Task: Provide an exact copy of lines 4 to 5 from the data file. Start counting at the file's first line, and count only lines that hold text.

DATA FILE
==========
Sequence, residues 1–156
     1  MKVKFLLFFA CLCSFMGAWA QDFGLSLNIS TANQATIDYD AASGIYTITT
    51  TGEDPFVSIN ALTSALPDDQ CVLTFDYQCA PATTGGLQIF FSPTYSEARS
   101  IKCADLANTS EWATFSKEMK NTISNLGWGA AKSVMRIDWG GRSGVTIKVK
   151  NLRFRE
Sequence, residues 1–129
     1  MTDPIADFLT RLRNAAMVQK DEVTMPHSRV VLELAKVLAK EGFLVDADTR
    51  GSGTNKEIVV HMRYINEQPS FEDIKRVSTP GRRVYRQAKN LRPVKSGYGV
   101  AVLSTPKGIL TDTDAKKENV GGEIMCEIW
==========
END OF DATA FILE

   101  IKCADLANTS EWATFSKEMK NTISNLGWGA AKSVMRIDWG GRSGVTIKVK
   151  NLRFRE